– by Joseph Jammer Medina

Disclaimer: This post contains spoilers for The Mandalorian, Chapter 4.

After snatching away Baby Yoda from the clutches of the baddies, the titular Mandalorian escaped to a distant planet to lay low. Of course, the galaxy is packed full of problems, and upon landing, he is confronted by a whole band of villagers who request his services to help their town take on a host of bandits who stole their food.

This eventually led to a confrontation to not only the group of bandits, but an AT-ST walker. Seeing this as too big an obstacle, the Mandalorian initially sought to reject the villagers’ requests to help, but ultimately came up with a plan. And the moment…well, it resulted in a bit of a horror movie scene with the walker encroaching like some sort of monster.

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As it turns out, director Bryce Dallas Howard knew very well how this could end up resembling the Jurassic series, and played it up as such.

“I had so much fun with that. I never felt like I’d seen an AT-ST really be as scary as it could be given its stature and power,” Howard told THR. “I was first thinking, “What’s the scenario where there’s a village of people and there’s some monster in the woods?” and not knowing exactly what that monster is but it’s a threat. That was something fun to try and play up. Jon Favreau would be like, “Oh, Bryce, that’s like your first movie, The Village,” and it kind of is. (Laughs.) There’s a shot behind Omera (Julia Jones) and Mando (Pedro Pascal) when they’re looking out at the children when they’re inside the cottage. We did French overs for that, which is a tiny homage to a scene that I had with Joaquin Phoenix in The Village. And then, of course, with all the AT-ST stuff, Jurassic is definitely a really great reference for that — when you’re on the run from a monster in close proximity and that monster is thirty-feet high. So, that was something I was keenly aware of.”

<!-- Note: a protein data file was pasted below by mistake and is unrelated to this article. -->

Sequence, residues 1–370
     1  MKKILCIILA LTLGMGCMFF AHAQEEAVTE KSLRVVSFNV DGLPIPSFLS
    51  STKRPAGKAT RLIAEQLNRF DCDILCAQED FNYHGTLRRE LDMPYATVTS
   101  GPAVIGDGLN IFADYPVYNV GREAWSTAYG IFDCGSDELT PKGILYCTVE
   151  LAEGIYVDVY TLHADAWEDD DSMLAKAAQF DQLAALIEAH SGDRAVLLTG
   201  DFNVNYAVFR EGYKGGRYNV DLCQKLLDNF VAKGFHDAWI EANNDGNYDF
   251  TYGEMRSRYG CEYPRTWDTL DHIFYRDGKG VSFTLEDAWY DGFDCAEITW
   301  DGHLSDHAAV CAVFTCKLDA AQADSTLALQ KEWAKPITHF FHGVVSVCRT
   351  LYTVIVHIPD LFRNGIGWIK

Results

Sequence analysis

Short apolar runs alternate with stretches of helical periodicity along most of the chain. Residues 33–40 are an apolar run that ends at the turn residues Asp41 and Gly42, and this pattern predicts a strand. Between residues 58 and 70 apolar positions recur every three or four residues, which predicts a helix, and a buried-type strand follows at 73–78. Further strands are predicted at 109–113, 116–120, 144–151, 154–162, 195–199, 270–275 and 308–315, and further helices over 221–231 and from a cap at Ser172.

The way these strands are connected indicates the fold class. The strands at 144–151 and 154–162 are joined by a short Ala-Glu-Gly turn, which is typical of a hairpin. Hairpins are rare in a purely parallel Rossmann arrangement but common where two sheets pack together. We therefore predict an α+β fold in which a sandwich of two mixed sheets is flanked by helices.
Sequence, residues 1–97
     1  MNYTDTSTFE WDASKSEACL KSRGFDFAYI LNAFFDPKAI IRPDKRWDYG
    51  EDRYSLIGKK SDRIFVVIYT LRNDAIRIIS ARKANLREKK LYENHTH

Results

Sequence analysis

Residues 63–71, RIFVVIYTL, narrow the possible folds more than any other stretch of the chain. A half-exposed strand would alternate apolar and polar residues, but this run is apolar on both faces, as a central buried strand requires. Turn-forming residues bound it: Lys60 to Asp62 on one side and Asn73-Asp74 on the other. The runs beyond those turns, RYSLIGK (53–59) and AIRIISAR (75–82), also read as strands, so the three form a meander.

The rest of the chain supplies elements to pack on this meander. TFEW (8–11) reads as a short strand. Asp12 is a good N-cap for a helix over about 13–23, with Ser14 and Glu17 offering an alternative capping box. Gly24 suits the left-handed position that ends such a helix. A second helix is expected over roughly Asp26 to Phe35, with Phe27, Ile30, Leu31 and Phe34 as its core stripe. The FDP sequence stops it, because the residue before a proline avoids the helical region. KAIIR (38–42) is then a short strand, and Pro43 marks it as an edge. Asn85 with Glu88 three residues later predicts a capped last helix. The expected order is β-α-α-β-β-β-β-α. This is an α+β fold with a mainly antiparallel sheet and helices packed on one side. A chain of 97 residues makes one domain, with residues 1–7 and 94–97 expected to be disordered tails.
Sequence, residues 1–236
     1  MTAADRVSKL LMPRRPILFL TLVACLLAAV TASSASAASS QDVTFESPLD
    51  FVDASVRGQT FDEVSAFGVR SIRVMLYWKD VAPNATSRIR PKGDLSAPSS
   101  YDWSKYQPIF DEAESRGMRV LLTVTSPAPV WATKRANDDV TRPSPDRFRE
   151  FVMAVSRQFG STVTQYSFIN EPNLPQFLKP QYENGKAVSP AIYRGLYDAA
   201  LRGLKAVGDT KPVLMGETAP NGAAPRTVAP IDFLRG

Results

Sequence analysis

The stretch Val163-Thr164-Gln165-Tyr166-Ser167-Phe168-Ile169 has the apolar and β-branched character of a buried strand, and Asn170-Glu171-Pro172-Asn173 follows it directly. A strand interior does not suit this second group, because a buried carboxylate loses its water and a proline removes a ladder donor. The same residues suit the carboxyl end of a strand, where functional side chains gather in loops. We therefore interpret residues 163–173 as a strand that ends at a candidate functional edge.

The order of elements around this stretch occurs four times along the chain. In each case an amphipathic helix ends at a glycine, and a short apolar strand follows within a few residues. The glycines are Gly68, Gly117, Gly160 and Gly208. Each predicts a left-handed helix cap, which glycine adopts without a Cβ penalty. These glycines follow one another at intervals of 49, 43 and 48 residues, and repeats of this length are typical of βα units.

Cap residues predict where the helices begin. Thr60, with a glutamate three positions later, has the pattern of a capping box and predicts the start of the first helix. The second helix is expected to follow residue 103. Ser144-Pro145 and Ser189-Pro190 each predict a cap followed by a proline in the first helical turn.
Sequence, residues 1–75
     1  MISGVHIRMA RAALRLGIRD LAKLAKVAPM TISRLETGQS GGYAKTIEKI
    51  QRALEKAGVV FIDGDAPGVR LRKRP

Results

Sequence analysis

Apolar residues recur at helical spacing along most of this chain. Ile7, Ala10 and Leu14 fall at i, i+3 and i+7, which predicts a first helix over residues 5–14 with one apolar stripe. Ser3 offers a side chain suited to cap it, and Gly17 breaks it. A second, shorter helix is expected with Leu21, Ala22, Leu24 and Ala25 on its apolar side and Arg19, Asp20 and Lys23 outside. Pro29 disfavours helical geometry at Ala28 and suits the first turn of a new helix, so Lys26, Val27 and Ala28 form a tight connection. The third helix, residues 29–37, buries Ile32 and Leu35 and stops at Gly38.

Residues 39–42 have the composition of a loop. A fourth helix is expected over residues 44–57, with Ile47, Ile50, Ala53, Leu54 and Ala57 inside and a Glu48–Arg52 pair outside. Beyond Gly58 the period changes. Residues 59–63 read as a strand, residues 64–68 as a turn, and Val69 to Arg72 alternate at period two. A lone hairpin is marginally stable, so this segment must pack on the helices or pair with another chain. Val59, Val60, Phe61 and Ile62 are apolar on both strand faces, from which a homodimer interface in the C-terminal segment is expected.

I definitely got the more horror aspects of the walker in this episode, but I didn’t notice the connection to dinosaurs until this interview. I can certainly see it, but I will say I was a bit distracted by some of the TV-level VFX in how it moved. It didn’t ruin it for me, but I do think it does slightly take away with that Jurassic connection.

What did you think of that moment? Let us know your thoughts down below!

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Joseph Jammer Medina is an author, podcaster, and editor-in-chief of LRM. A graduate of Chapman University's Dodge College of Film and Television, Jammer's always had a craving for stories. From movies, television, and web content to books, anime, and manga, he's always been something of a story junkie.